Breaking News Is Broken (

Quoting my brother from whom I got the link on Facebook: «Ironically, this link is being spread by way of social media, but I hope it can serve as a mental filter for us all. Read the article, and remember it next time something big and scary happens out there.»

Don’t watch cable news. Shut off Twitter. You’d be better off cleaning your gutters.

Inspired by the events of the past week, here’s a handy guide for anyone looking to figure out what exactly is going on during a breaking news event. When you first hear about a big story in progress, run to your television. Make sure it’s securely turned off.

Next, pull out your phone, delete your Twitter app, shut off your email, and perhaps cancel your service plan. Unplug your PC.

[Click to read the entire article.]

I remember thinking something similar during the news-rush related to the July 22nd bombing and shootings in Oslo, Norway, in 2011. News reports were spewing out, online and on the air, and the alleged “facts” were neither conclusive nor coherent, not by a long shot. Worst was the instant assumption, held by both the media and the general populace, that we were under attack by Islamic terrorists, when there was nothing to support such an allegation, and the inevitable conclusion when the perpetrator was caught that this was indeed one of our own, a white, Christian man of Norwegian birth and upbringing.

Wouldn’t it be nice if we could rely on news as being accurate (or at least as fairly accurate as humanly possible), instead of a rumour-based barrage of allegations and conclusions to which one has jumped based on less-than-sufficient information viewed with a less-than-sufficiently critical eye, in order to generate maximum air traffic or web traffic, and thereby maximum advertising revenue?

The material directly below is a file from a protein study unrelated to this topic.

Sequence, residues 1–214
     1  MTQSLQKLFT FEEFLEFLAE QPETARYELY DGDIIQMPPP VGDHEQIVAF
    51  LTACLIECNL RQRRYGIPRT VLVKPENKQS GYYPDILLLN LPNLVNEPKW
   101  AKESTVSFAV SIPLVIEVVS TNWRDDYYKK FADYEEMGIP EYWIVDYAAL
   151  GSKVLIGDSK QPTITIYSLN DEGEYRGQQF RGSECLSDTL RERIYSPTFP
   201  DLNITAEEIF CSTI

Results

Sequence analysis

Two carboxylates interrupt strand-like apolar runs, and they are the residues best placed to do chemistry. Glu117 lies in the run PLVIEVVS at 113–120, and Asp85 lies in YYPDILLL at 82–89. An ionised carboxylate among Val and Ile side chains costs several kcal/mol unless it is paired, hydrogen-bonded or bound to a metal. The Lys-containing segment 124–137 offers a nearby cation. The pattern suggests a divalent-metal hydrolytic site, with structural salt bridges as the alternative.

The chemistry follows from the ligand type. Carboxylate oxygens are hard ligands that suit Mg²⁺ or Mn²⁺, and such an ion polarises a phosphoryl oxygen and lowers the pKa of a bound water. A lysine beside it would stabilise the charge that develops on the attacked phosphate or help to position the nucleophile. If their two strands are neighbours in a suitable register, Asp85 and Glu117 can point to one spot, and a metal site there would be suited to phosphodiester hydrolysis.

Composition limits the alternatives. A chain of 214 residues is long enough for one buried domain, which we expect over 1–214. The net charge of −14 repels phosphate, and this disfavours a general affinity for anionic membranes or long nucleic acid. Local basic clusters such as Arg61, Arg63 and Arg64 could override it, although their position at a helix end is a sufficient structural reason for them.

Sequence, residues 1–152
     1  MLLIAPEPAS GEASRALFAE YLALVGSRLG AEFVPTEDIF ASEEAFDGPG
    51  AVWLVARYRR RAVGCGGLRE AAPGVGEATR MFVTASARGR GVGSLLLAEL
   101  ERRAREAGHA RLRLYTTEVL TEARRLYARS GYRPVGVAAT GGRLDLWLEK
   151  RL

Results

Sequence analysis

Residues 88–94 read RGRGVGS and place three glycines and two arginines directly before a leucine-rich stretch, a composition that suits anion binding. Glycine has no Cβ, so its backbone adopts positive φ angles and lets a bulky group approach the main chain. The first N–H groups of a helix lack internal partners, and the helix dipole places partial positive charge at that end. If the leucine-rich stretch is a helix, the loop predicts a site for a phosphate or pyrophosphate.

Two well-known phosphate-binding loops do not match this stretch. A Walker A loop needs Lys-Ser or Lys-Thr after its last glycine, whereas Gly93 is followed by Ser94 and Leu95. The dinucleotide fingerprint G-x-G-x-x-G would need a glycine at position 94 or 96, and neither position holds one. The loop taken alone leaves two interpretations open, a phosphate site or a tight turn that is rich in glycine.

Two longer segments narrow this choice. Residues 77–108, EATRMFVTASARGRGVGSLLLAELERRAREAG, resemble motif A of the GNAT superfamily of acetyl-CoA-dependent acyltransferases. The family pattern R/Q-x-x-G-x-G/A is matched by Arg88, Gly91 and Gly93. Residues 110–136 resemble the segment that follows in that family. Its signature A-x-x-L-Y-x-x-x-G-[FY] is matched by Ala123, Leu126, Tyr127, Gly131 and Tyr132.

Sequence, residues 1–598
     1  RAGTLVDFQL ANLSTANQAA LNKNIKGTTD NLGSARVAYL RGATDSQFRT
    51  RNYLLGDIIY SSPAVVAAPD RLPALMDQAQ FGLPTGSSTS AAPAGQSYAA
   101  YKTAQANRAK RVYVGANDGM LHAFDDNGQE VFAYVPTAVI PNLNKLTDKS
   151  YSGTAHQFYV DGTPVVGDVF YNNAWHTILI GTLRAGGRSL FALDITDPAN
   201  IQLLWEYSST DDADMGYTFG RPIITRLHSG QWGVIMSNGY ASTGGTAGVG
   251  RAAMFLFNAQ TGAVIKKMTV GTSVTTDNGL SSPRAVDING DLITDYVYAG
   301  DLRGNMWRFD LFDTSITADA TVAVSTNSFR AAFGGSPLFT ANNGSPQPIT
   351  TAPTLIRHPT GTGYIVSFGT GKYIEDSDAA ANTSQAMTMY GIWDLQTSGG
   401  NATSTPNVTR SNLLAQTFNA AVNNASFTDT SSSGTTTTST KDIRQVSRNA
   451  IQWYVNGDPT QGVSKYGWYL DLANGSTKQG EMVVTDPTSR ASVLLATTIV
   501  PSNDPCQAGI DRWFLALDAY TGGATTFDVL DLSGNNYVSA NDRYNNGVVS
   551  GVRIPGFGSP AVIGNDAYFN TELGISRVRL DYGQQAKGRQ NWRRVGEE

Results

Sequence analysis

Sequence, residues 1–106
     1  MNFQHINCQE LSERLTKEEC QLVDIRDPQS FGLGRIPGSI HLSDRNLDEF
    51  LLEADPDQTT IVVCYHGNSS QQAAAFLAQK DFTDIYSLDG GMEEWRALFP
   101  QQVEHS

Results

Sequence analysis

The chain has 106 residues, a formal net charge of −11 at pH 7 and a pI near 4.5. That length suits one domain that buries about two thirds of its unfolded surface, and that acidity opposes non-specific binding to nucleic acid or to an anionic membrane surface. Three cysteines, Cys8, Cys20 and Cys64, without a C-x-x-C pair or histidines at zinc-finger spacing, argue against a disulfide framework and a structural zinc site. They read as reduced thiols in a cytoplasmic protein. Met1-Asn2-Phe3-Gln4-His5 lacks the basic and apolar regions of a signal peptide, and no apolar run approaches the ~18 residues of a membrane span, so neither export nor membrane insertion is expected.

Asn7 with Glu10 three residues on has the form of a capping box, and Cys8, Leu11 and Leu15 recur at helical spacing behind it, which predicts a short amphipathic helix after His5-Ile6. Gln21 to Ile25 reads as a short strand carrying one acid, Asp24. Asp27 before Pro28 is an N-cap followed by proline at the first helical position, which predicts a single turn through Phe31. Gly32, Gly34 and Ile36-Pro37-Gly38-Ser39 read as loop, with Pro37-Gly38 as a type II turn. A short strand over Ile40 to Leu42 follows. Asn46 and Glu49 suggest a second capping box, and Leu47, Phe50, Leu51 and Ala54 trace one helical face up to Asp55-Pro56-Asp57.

The first step, I think, is that we, the viewers, apply a critical attitude towards everything that we watch and read, well aware that the bigger and more sensational the headlines, the greater the likelihood that Someone™ was either in a hurry to beat the competition and forgot (or neglected) to check facts before publishing, or wanted to draw a bigger audience and therefore twisted and stretched the facts to suit their own agenda.

I know, I know, it’s not always easy to keep your head cool when things start to happen, but hey, we can try. And perhaps the best approach is, as long as we’re not directly involved, to turn our backs on the misinformation until the media have sobered up enough to publish something actually meaningful.


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